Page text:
Gary Rosenblatt ends his Between the Lines column, “‘Huge’ moment for advocates of Orthodox women rabbis” (Oct. 12), with a quote from Jonathan Sarna: “‘the issue of women has long been a lightning rod’” in Jewish life, and it has become ‘the decisive issue in America today.’”
I would submit that the decisive issue today in American-Jewish Orthodox life is not women, but rather the more basic issue of how does Orthodoxy reconcile Western, liberal society’s primary focus on individual autonomy (i.e., the “right” to decide for oneself to pursue a course of action rather than heeding instructions of others) with the traditional Orthodox Jewish primary focus on the obligations of the individual to the community?
I highly recommend reading Jonathan Haidt’s book, “The Righteous Mind: Why Good People Are Divided by Politics and Religion” (Vintage, 2013). Those whose strong sympathies lean toward women Orthodox “rabbis” may well be basing their judgements on the liberal notion that caring and fairness are the most important moral receptors.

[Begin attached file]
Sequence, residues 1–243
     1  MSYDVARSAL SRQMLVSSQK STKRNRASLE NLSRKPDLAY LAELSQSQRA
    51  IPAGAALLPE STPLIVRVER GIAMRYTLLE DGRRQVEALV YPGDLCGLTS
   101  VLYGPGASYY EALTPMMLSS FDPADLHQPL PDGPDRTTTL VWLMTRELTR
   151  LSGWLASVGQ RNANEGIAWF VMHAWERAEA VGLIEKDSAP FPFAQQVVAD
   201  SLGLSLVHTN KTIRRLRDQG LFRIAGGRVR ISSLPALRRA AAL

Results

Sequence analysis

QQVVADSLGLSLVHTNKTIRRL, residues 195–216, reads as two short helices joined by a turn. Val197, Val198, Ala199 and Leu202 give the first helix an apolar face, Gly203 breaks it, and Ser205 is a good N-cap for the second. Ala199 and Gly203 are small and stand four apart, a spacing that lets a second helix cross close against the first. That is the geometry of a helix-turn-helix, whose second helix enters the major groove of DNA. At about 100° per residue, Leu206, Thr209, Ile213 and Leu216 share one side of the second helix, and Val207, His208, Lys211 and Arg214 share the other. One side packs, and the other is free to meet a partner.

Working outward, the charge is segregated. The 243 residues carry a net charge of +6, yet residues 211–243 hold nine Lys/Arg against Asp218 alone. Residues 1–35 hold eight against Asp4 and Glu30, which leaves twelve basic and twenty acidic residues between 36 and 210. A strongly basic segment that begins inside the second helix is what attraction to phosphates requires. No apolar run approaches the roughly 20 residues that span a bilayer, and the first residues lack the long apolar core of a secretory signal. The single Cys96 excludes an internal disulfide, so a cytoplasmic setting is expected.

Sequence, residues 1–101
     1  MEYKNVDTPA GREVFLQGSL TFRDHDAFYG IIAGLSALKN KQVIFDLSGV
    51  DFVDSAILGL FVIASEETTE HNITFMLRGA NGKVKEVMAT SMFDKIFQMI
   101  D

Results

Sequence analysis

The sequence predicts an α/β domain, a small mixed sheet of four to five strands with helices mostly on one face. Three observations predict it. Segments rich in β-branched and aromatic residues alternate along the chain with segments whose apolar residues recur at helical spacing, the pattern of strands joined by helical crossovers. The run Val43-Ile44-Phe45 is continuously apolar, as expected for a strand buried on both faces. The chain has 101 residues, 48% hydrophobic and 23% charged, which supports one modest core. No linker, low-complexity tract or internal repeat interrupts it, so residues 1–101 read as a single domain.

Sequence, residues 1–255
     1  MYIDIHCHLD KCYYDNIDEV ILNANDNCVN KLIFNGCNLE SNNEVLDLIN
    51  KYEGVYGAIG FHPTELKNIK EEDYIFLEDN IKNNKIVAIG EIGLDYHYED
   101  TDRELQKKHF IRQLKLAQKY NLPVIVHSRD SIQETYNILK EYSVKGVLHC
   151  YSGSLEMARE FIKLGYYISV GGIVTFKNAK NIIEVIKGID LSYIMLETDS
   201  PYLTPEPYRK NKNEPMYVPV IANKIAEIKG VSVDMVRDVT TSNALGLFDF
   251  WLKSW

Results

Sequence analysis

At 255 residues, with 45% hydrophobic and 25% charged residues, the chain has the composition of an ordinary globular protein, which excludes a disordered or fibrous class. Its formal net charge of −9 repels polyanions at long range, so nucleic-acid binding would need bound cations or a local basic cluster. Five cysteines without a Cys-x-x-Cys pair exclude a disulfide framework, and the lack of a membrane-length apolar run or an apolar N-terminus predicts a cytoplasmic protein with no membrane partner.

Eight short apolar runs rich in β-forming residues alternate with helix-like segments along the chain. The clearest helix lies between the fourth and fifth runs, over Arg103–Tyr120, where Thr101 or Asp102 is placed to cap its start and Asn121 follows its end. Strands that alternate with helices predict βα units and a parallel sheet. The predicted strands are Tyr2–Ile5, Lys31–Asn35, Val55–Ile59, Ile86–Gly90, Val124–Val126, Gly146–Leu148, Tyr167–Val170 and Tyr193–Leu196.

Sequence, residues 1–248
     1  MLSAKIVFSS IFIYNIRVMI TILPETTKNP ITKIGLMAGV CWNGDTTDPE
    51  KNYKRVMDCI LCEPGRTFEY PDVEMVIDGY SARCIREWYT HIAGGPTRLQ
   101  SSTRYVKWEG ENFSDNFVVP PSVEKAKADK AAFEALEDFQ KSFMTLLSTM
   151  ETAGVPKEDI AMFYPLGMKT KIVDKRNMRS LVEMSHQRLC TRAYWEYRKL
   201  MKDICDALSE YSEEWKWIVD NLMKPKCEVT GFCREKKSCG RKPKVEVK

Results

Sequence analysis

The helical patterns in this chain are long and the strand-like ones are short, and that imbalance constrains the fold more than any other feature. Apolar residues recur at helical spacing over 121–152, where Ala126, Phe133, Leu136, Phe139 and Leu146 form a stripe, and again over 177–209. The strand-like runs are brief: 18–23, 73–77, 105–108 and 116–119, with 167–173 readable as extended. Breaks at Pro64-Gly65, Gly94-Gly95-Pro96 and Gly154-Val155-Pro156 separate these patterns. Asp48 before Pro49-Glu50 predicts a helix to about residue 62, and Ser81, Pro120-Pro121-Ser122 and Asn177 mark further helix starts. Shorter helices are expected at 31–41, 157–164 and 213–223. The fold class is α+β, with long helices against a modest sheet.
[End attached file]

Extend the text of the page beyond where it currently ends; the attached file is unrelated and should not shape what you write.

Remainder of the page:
While Orthodox Judaism recognizes those priorities, they don’t automatically outweigh, and more often are subservient to, the other three moral receptors identified by Jonathan Haidt — loyalty, authority, and sanctity.
There’s much more to discuss concerning how more than 90 percent of what seems to be desired could have been attained without the pushback, but that’s for another time. In the words of Hillel, the rest is commentary.